Columbia’s crew began their second week in orbit today, continuing a pace of varied experiments in the shuttle cabin and payload bay that they will maintain for the next nine days in orbit.
Although Thanksgiving will be a working holiday aboard the shuttle, the astronauts do have canned turkey, cranberries and pumpkin pie on their menus for dinner today, a meal that is scheduled for the early morning hours of Thanksgiving Day, Houston time.
On board today, Mission Specialist Kalpana Chawla will continue work in the glovebox facility on Columbia’s lower deck to study the characteristics of creating composite materials in space. Called PEP, experiment samples of composite materials are heated inside the glovebox and recorded as they resolidify. Also on the middeck, Ukrainian Payload Specialist Leonid Kadenyuk will continue studies of plant growth in weightlessness as part of the Collaborative Ukrainian Experiment. School students both in the U.S. and the Ukraine are also participating in comparative plant growth studies on Earth. Kadenyuk was honored with the wakeup music played to Columbia by Mission Control this afternoon, the Ukrainian National Anthem.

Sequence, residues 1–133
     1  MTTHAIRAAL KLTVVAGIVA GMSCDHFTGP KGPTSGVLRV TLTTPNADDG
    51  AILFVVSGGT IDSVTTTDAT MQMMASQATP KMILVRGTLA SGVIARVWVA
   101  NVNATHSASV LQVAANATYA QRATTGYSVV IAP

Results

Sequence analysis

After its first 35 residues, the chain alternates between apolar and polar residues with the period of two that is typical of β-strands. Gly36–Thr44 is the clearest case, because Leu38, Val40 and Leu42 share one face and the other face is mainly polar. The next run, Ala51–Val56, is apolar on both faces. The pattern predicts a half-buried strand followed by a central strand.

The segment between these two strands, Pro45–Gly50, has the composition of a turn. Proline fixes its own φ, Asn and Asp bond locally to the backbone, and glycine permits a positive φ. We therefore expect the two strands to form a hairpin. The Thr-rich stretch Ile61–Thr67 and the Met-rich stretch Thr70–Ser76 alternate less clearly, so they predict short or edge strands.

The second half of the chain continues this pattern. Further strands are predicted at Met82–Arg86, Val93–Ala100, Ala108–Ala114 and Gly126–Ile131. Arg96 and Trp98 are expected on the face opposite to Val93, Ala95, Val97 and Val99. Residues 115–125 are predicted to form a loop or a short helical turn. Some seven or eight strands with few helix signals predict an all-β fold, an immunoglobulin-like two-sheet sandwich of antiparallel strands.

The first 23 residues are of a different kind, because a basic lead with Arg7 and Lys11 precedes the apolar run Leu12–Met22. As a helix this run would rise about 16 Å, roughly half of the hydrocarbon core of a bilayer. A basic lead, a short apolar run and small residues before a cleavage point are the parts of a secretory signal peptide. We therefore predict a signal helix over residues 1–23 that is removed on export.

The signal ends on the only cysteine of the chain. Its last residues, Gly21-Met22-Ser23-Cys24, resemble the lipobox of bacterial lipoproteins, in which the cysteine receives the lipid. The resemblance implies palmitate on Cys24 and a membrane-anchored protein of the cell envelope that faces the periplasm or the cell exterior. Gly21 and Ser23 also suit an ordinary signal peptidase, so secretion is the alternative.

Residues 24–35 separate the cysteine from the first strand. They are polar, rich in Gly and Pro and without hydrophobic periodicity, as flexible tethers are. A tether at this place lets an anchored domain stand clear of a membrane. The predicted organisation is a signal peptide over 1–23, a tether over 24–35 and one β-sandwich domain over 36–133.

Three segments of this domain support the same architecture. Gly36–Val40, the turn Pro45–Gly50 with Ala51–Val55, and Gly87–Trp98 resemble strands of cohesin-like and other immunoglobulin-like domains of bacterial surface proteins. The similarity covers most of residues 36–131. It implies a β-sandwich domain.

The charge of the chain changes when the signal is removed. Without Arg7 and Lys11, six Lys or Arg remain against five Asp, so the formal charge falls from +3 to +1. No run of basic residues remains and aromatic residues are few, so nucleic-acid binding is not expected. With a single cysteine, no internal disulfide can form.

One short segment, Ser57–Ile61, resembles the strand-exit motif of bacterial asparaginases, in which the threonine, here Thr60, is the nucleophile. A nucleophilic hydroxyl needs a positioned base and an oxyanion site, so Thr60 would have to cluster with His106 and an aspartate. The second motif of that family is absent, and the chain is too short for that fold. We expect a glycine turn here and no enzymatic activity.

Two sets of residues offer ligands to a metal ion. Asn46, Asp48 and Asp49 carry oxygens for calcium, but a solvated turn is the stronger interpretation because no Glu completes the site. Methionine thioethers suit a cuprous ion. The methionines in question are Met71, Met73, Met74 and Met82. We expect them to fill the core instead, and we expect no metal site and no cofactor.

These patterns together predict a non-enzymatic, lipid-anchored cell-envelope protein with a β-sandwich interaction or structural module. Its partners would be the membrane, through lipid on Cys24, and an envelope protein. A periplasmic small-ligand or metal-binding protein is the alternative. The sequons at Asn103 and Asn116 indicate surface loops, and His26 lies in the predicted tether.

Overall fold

Commander Kevin Kregel performed a small engine firing Wednesday evening to adjust Columbia’s orbit, raising it by about 5 miles to an orbit with a high point of 175 miles and a low point of 173 miles. The adjustment was made to prepare for a three-day experiment sample run in the remotely operated Advanced Automated Directional Solidification Furnace in the cargo bay. The furnace will study the weightless processing of metal alloys used to make infrared detectors and lasers.
Kregel and Mission Specialists Winston Scott and Tokao Doi will take time out from their duties to be interviewed by CNN at 4:36 a.m. CST Thursday. Columbia remains in excellent condition with no mechanical problems.
The crew will go to sleep at 7:46 a.m. Thursday. The next mission status report will be issued at 6 a.m. Thursday, Nov. 27.
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